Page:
You and me. Two hours. That’s what we’ll be touching on as we touch digital antenna.

There will, of course be more, much more. I’ll share ideas from my new book, Art is Life; I’ll take your questions; and with luck, I’ll leave you asking many more.

Please come; the last time I was here, I had a blast.

– Jerry Saltz

Confronting War Crimes, from the Front Lines

Join me in this live 90-minute class and discover the Five Things I’ve Learned while documenting recent war crimes in Ukraine – and about the ways that professional journalism can save lives and help restore justice.

My name is Nataliya Gumenyuk. I very much hope that you will join me for my upcoming class, Five Things I’ve Learned about Confronting War Crimes, from the Front Lines.

I am a Ukranian, and I have been an international reporter and journalist for almost two decades. I am a documentary filmmaker, and the author of several documentaries and books. I write regularly for The GuardianThe Washington PostThe Rolling StoneDie Zeit, and The Atlantic. I have covered conflicts and foreign affairs in almost fifty countries, and my reports on the horrors of war won the 2022 Free Media Award by the Fritt Ord and Zeit Foundation.

I am also a founding member of the Reckoning Project: Ukraine Testifies, a non-profit organization that partners journalists with lawyers so that together they can document, verify, and codify legal evidence of war crime cases. I run the team of journalists and researchers based in Ukraine that collects and confirms war crimes testimonies so that these statements can be used in media and in future court cases.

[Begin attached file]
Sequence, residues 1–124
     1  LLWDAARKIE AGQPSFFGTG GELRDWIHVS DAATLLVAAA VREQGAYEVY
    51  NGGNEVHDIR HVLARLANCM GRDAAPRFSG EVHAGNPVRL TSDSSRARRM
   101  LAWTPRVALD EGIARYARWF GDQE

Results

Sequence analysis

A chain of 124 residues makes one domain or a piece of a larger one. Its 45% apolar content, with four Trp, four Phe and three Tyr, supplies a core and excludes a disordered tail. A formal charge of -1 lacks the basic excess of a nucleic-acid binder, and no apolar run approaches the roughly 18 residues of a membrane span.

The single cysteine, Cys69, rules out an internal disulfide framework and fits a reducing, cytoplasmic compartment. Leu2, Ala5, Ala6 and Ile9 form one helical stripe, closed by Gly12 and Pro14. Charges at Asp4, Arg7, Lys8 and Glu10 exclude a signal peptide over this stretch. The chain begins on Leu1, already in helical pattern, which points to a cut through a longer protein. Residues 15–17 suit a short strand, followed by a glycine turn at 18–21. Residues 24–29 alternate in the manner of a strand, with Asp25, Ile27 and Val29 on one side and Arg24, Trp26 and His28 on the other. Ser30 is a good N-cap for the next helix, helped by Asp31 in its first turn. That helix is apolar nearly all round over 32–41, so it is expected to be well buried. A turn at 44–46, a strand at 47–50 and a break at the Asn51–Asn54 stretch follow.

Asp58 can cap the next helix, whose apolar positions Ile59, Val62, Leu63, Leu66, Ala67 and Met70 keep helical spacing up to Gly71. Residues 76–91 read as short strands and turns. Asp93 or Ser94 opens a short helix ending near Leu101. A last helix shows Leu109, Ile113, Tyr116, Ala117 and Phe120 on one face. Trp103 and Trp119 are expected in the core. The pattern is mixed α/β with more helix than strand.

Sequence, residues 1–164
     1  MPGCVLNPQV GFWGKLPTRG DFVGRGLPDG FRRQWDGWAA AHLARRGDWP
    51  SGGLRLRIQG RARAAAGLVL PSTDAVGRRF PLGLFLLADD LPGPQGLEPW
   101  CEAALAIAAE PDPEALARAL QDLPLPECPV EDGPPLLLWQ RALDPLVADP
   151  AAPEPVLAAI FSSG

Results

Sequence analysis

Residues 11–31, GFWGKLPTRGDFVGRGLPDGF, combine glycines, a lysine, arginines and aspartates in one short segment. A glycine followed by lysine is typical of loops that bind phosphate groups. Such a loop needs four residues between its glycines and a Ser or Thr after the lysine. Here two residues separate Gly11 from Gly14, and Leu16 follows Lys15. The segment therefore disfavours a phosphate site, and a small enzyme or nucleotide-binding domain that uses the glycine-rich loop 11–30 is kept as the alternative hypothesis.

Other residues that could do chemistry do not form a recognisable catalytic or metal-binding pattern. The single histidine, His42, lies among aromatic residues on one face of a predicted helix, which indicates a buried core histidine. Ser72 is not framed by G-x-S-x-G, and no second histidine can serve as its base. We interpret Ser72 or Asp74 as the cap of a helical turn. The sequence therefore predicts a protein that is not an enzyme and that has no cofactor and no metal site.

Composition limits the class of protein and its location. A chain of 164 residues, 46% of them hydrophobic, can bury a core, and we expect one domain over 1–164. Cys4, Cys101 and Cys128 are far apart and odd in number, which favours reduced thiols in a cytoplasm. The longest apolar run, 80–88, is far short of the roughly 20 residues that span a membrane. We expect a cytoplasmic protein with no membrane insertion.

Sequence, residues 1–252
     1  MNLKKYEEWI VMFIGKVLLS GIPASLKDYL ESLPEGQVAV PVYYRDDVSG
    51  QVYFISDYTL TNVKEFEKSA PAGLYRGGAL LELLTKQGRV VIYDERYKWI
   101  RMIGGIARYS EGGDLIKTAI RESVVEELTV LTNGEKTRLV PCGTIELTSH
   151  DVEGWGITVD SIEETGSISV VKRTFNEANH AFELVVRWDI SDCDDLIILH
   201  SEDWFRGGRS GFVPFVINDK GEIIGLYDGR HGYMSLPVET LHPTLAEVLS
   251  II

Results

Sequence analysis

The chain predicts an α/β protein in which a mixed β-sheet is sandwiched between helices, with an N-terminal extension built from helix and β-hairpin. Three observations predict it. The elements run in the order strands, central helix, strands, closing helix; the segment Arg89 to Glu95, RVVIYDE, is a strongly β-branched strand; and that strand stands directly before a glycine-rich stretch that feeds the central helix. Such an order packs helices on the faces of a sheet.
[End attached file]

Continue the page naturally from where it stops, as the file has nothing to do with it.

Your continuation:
I hope you will join me in my 90-minute class so that I can tell you what I’ve learned while uncovering recent atrocities on the ground in Ukraine. During our time together, I wish to share details about the terrible, ongoing consequences of the Russian Invasion of my country. I also wish to share our ongoing aims for the Reckoning Project and why I believe that one day we might all possibly use this continuing tragedy as an opportunity.

As I’ll explain, I’ve come to believe that my reporting – and the reporting of my colleagues – can serve as a source of light that helps us better understand and recognize the need for justice for war’s innocent victims. I’ll also share what I’ve learned to be important answers to questions that confront me and my colleagues as we do our work every day: